At the qualitative level, from October to November 2019, 19 focus groups and one individual interview were conducted with various stakeholders involved in the 2019 post-flood social health responses from four of the six targeted regions. The participants were coordinators and people in charge of emergency measures for the psychosocial component within integrated health and social services centers and integrated university health and social services centers (CISSS/CIUSSS), civil protection officials, psychosocial workers from CISSSs and CIUSSSs, community organizations and municipal employees. They were required to have been involved in at least one of the different stages of disaster management: preparedness, response and recovery. Participants and group composition were selected based on roles, levels of experience, and other specific criteria (e.g., rural vs. urban) to ensure adequate representation.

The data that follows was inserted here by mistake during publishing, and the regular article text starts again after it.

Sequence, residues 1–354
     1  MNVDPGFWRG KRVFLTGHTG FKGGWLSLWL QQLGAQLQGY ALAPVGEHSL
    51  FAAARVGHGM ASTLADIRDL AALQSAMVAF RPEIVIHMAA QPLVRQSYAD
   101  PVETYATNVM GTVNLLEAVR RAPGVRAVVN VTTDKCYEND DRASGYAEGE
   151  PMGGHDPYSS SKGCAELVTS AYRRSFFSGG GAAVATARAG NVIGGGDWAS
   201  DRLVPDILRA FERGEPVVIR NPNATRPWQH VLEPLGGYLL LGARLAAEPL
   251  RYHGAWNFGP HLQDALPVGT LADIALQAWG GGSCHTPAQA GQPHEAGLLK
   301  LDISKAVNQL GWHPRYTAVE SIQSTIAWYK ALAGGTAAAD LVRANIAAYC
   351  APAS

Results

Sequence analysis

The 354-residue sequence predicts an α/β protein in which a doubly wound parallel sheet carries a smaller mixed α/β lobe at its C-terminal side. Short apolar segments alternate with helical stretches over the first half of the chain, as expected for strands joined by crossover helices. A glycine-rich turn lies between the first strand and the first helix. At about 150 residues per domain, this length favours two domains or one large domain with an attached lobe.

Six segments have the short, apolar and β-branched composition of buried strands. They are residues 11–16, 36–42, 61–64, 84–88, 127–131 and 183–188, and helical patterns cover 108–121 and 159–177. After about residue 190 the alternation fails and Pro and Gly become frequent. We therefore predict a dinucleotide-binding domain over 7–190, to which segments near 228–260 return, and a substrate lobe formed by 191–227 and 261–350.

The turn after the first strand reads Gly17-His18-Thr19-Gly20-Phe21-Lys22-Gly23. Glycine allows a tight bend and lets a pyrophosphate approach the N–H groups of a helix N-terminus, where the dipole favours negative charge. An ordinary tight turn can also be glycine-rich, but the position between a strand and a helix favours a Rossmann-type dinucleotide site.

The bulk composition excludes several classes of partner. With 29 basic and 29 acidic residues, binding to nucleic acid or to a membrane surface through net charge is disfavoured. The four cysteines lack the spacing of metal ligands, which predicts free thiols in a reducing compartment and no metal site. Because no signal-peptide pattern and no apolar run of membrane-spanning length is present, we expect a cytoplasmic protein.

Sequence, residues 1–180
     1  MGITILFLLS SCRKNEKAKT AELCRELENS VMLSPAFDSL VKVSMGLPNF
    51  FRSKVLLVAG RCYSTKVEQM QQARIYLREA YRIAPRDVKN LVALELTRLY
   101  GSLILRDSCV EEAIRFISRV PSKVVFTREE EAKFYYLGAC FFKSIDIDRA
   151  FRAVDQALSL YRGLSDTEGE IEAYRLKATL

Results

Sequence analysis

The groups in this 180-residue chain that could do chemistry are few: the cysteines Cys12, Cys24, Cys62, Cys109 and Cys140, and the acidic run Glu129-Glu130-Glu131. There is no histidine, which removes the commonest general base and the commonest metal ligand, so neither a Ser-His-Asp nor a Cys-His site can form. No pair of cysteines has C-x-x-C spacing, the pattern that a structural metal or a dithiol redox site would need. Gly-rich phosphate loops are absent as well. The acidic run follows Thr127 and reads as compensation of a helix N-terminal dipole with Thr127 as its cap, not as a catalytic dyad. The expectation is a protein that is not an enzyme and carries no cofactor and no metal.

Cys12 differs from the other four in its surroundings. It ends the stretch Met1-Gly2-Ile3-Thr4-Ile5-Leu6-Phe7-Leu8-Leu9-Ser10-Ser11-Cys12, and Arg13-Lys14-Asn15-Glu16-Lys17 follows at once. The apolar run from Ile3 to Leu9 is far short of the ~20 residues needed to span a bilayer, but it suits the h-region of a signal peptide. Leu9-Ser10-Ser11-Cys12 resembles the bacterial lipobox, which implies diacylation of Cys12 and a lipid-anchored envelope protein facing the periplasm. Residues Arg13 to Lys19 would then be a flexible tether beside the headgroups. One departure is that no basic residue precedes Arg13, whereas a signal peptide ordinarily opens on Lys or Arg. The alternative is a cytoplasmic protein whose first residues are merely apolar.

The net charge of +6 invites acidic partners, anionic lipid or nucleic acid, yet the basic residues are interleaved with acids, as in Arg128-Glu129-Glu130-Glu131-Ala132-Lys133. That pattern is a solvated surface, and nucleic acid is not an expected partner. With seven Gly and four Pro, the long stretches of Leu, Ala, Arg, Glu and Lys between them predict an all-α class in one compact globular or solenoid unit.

As for data on affected populations (quantitative component), 11,500 letters were randomly sent in December 2019 to citizens living in areas flooded during the previous spring to inform them of the research and invite them to participate by completing an online survey. Six affected health regions were targeted: Laval, Laurentides, Mauricie-et-Centre-du-Québec, Montérégie, Montreal and Outaouais. The municipal governments in these regions were also informed of the research efforts underway in their territories. Subsequently, some households that did not complete the online survey were randomly contacted by telephone by a survey firm in order to reach a minimum of 3,000 participants in total. Lists of potential participants were compiled from lists of residents classified as flood victims by the ministère de la Sécurité publique in the zip codes targeted by the study. The response rate for both survey rounds was relatively low, but this was expected since individuals in post-disaster situations have little time and energy to devote to such initiatives.